Then again, you can spend all day accusing the film of deliberately making its subjects look ridiculous, but in fact those subjects do most of the work. I felt dirty watching kids moved to tears by sermons and participation, and it took me to a horrible place I would prefer not to spend much time in, but the total insanity of Fischer and her cohorts wandering around blessing computer equipment, praying that PowerPoint presentations don’t malfunction, reminded me immediately of Matt Taibbi’s remarkable reportage about a revival he went to at which the preacher howled about casting out the demons “of handwriting analysis.” And then there’s the ranting and raving about the then-reigning cultural institution of the moment, the Harry Potter films and novels, and the almost impossible to believe praying at a cardboard shrine of George W. Bush. (Yes, really.) Just as amusing but far more frightening was the footage of parents teaching their children not to believe anything that science has proven, as science is itself — oh, one of the most blood-boiling of all classic Christian lines – an act of “faith.” That horrendous hopeless feeling of wondering what on earth will come of children who have the wool pulled over them like this is something the footage could’ve accomplished easily with respect and distance, without all of the extraneousness and the bizarre impulse to undercut the private lives of people with far different beliefs and motives than our own. I don’t like a film of any sort, much less a documentary, that asks us to laugh at people different than I am, no matter how much I loathe their value system and fear for the world they wish to live in.
Indeed, I’ll go ahead and declare that the Kids on Fire School of Ministry was a broad act of child abuse, and if there’s something to applaud about Jesus Camp it’s that — in the classic vein of Errol Morris’ The Thin Blue Line — it ended up making a difference. Kids on Fire was discontinued as a result of bad publicity stemming from the film, which both seems to give the lie to its supposed neutrality and has made it something of a quaint antique, as its filming immediately preceded the popular decline of the Bush administration and a rejection of Evangelical attitudes that began in earnest with backlash over a scandal that had Haggard himself at its center. It’s bone-chilling to see Haggard more than vaguely flirting with a young boy during the film; it’s hard to take pleasure in all of this sickness, much less feel objective fascination about it.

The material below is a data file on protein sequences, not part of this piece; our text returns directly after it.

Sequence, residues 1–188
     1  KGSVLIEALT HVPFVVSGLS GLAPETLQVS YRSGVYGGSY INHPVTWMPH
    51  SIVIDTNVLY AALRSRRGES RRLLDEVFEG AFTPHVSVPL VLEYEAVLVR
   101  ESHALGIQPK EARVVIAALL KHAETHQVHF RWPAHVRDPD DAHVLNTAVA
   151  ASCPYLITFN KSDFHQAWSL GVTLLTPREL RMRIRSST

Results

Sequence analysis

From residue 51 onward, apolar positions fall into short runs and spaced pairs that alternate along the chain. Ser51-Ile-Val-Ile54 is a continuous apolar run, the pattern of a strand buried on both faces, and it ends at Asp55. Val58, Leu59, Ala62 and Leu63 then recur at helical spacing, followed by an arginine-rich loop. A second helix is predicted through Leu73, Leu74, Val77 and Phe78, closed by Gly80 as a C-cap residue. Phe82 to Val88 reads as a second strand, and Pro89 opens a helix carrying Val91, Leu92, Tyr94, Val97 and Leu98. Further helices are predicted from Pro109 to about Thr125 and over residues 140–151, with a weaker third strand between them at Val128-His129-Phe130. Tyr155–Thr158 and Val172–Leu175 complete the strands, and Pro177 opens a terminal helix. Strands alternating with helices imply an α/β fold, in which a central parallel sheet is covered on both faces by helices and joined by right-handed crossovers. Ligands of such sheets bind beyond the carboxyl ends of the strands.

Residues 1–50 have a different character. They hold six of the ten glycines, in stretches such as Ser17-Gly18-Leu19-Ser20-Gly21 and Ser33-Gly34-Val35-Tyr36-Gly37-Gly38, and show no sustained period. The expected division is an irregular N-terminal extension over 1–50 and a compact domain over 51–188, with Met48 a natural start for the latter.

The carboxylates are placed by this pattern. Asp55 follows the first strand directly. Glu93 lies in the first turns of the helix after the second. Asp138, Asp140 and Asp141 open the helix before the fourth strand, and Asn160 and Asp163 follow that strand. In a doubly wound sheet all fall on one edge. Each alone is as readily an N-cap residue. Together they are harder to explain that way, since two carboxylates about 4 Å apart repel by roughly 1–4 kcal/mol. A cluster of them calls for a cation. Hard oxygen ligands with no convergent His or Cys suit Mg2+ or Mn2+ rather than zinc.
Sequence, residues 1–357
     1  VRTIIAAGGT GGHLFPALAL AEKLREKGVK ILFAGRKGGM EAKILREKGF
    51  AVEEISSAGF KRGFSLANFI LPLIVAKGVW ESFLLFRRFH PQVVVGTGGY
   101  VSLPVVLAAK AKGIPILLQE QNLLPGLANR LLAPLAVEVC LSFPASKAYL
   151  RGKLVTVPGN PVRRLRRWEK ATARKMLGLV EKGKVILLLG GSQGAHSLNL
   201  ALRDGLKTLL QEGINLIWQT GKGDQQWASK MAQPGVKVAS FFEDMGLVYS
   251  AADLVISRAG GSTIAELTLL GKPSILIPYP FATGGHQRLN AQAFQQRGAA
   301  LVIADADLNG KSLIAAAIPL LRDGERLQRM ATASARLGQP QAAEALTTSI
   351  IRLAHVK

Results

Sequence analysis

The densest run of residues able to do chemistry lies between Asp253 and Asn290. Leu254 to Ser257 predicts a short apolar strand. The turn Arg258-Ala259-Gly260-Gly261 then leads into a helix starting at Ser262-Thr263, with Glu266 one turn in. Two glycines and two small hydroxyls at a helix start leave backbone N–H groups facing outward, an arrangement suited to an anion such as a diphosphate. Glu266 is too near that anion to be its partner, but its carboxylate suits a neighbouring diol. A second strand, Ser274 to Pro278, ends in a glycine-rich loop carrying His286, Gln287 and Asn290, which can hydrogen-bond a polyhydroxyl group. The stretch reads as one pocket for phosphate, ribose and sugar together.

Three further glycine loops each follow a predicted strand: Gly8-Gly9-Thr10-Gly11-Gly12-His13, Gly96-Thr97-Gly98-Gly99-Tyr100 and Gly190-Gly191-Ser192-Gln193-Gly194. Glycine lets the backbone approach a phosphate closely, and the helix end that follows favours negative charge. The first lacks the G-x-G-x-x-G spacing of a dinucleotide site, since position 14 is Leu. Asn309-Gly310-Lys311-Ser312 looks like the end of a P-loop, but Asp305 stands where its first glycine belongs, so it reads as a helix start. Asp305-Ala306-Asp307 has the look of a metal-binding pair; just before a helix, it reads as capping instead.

Which brings me to my other point: Jesus Camp, too, is an act of child abuse. Even its poster is, tears streaming down the face of a little girl too young to be aware of any of the implications or contexts of the image in which she’s unwittingly taking part. The kids in it are in their late teens now. Who knows where their lives have taken them? But I doubt that being caught on film during moments of what should have been private growth has been a boon to them, and I think the film is finally irresponsible, not necessarily just for zeroing in on how children respond to religious indoctrination but for placing them as artifacts with eccentricities for us to giggle at, not unlike the kids in the equally overrated and disturbing Spellbound. Maybe you think these kids or adorable, or maybe you think they’re terrifying; I think they’re just kids, even if what they symbolize is pretty scary to me and I wish that I thought their total ignorance of scientific reality and the broader world wouldn’t be the hindrance to them in the future that it likely will be. But the bottom line is I need empathy in my movies, and in this one all I saw was hatred — both coming from and directed toward the Evangelicals — and it was such a horribly distressing experience that it completely nauseated me. Which means, I suppose, that it had the intended effect.